The colors in the transparent tetrahedron swirled like smoke. The motion made Victor dizzy, and his stomach churned. He swallowed, tasting bile. He shook his head, impatient with his body’s reaction. By now he should be hardened to the crystal’s effects, even if he didn’t get the privilege of gazing into it very often. He didn’t want to appear weak in front of his guardian.

Uncle Hugh—no genetic relation, really, but his lifelong mentor—gave a small frown of obvious impatience at the way Victor clutched the pedestal where the object sat on one of its four triangular faces. “Straighten up. You act like you’re expecting an earthquake any second.”

“I haven’t had as much practice with this stuff as you have.” Victor kept any note of defiance out of his voice, not eager for the tongue-lashing an argument would certainly earn him. He shifted his eyes from the undulating tangle of violet tendrils. His head pounded. The decor of the windowless room didn’t help—the walls painted midnight indigo, the parquet floor of oak so dark it was nearly black, all illuminated only by a few low-wattage bulbs in wall sconces.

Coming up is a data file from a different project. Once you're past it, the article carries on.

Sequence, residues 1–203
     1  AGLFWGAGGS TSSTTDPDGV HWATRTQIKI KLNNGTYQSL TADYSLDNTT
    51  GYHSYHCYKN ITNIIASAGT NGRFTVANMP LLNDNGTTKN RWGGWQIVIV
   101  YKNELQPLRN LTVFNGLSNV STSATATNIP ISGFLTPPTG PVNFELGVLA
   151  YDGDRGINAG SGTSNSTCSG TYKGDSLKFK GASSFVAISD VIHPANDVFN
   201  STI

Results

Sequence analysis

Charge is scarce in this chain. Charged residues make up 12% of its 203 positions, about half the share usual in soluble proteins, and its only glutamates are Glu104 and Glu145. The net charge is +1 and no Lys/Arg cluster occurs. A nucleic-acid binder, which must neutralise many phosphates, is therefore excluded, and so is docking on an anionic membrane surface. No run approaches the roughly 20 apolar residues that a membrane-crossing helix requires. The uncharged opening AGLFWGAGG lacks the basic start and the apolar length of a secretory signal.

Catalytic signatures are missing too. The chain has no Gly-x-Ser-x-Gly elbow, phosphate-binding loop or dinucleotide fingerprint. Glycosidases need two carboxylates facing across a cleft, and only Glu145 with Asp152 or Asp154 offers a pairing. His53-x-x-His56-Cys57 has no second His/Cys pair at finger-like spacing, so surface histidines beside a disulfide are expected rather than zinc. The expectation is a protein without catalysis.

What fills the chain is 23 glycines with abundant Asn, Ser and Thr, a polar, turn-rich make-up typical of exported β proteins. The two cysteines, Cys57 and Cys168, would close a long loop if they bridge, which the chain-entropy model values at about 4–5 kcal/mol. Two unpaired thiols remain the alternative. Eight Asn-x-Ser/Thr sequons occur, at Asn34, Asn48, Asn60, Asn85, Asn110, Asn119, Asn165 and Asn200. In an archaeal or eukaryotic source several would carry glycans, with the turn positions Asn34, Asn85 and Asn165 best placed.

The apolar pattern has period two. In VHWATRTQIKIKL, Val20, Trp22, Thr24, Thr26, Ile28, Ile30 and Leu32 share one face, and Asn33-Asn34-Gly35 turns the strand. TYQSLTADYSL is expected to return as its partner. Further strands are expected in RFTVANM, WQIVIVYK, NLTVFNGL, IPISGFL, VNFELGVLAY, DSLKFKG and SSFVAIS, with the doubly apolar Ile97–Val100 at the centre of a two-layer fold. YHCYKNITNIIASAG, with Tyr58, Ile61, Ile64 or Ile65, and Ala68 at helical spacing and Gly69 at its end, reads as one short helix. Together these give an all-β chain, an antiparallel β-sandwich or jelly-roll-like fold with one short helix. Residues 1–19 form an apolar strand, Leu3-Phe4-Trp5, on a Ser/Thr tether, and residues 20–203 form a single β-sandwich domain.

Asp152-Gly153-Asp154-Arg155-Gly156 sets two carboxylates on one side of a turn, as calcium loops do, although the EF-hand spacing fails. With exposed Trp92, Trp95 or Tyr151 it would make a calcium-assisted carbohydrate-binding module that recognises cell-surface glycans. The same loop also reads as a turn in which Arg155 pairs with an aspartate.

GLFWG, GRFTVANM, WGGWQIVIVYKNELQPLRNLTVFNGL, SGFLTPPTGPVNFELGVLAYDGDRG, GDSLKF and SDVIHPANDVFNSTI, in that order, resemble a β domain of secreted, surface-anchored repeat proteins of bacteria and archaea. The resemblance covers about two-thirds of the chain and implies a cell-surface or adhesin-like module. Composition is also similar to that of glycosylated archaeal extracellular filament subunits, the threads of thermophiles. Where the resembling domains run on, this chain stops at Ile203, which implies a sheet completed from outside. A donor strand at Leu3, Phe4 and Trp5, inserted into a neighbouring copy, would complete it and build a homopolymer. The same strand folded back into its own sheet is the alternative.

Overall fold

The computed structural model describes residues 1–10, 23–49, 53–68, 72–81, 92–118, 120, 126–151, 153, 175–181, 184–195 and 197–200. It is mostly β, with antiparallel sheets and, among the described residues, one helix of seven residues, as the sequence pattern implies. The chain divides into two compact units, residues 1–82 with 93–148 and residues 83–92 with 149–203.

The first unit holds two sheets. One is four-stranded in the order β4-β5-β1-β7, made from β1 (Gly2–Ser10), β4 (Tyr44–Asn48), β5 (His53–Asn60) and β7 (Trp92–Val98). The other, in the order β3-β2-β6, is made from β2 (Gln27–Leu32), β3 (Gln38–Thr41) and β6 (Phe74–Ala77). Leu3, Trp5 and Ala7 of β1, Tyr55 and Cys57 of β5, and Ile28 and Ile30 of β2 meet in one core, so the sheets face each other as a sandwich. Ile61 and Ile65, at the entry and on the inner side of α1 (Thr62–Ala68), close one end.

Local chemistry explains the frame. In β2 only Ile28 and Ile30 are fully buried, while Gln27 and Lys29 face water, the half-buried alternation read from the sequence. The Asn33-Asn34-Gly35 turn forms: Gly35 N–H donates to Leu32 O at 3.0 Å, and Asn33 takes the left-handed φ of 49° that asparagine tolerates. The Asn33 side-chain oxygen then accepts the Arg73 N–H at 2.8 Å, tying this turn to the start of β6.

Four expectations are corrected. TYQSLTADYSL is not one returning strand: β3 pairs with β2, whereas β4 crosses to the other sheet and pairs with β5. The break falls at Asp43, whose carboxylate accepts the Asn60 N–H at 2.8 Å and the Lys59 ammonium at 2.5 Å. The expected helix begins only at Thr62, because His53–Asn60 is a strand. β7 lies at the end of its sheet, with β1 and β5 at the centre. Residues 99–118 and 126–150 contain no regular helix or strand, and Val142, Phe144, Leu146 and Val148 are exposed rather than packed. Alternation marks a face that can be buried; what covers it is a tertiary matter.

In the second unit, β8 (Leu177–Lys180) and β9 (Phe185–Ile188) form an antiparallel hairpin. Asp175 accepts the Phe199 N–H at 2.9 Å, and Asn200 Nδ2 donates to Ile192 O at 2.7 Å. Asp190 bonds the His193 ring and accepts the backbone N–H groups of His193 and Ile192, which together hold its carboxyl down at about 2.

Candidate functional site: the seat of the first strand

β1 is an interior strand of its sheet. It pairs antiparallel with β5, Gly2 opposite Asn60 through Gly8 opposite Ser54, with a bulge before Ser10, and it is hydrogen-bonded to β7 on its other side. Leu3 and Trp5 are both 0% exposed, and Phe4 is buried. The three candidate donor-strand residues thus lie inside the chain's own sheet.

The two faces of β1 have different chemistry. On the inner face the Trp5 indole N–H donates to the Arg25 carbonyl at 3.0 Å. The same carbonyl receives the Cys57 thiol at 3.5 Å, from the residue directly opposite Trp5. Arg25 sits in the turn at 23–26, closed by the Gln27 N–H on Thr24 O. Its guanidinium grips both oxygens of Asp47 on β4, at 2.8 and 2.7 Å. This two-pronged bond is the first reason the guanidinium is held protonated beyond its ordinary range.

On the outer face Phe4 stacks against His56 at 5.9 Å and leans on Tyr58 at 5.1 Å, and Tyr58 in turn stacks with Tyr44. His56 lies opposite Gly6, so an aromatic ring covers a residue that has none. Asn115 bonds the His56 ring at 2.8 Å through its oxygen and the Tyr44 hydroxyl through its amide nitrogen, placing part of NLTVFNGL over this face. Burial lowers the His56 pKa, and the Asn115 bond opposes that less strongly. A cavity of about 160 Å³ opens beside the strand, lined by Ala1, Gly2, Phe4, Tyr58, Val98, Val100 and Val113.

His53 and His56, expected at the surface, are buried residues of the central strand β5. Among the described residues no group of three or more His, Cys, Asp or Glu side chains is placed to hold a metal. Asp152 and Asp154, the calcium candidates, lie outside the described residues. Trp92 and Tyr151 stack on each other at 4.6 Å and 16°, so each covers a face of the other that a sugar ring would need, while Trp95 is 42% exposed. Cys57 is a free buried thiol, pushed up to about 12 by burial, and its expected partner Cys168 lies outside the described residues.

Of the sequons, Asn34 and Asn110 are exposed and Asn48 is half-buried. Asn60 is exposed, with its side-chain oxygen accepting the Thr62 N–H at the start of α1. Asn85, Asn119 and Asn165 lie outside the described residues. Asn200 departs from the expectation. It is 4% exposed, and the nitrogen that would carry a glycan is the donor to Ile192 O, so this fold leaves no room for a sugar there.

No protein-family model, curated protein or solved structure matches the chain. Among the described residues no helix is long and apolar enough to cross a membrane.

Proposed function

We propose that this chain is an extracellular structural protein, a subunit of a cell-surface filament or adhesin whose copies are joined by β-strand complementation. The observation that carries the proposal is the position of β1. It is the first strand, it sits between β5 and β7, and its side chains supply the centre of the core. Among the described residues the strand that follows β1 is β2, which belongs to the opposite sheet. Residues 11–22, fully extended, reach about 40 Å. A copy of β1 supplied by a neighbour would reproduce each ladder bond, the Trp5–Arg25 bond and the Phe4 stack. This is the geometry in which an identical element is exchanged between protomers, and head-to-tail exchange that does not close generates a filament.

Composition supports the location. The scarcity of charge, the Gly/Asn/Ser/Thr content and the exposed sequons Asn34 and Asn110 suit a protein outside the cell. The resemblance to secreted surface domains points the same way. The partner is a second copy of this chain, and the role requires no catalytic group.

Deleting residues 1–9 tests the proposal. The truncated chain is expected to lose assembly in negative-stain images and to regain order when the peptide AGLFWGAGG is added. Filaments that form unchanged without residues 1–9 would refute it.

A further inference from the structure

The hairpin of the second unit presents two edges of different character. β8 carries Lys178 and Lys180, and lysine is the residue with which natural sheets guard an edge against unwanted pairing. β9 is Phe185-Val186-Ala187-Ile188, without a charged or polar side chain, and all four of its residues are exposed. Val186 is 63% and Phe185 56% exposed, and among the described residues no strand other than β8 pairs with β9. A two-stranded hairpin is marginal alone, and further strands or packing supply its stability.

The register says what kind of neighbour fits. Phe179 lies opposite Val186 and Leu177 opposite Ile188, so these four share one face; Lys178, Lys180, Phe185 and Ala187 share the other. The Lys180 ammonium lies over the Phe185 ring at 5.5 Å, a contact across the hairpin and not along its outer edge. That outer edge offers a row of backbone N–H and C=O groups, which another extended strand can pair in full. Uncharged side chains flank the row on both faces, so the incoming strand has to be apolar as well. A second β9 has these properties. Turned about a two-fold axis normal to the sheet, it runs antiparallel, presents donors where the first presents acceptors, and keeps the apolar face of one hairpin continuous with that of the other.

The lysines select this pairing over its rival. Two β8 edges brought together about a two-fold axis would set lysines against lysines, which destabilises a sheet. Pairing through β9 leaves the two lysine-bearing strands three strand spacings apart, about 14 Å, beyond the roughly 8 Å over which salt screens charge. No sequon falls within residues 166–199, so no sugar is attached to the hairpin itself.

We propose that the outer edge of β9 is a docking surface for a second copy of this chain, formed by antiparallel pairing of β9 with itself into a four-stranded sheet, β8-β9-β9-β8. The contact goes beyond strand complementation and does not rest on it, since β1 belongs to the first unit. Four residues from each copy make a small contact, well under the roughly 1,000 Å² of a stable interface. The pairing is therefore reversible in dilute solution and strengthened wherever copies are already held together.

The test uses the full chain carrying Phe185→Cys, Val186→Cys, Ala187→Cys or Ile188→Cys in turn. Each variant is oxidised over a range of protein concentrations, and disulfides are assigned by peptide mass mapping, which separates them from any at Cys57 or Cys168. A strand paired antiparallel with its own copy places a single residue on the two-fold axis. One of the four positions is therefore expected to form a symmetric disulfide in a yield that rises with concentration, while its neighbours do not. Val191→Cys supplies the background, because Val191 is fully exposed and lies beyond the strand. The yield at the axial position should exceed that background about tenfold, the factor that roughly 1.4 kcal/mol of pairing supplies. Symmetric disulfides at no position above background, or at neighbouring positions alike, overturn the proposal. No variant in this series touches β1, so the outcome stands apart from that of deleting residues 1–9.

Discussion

“Well, focus! We don’t have all day.”

Victor drew a deep breath and dragged his gaze back to the crystal. Each time he used it, he half expected the smoky whorls inside to clear away and open a peephole into a dimension of alien geometry and amorphous monsters. He had viewed that scene only once, but once was enough. Following his mentor’s instructions, he focused with all his will on the scene he wanted to scry. The luminous tendrils vanished like melting icicles. An ordinary living room shimmered into view.

A middle-aged woman with short, gray-streaked, auburn hair sat in the single armchair. Against a pile of throw pillows on a couch with faded upholstery that matched the chair reclined a woman apparently in her twenties, with hair the color of dark honey. Her tight jeans displayed generous curves. Victor willed the image to widen its scope. At the counter marking the boundary of the kitchenette stood a slim girl in a miniskirt, taller and a few years younger than the one on the couch. After watching her tie back her hair, light brown with dark blonde highlights, he moved his psychic vantage point to watch the other two women from behind her, over her shoulder. As he virtually passed in front of her, her blue eyes shifted, as if she sensed an invisible observer.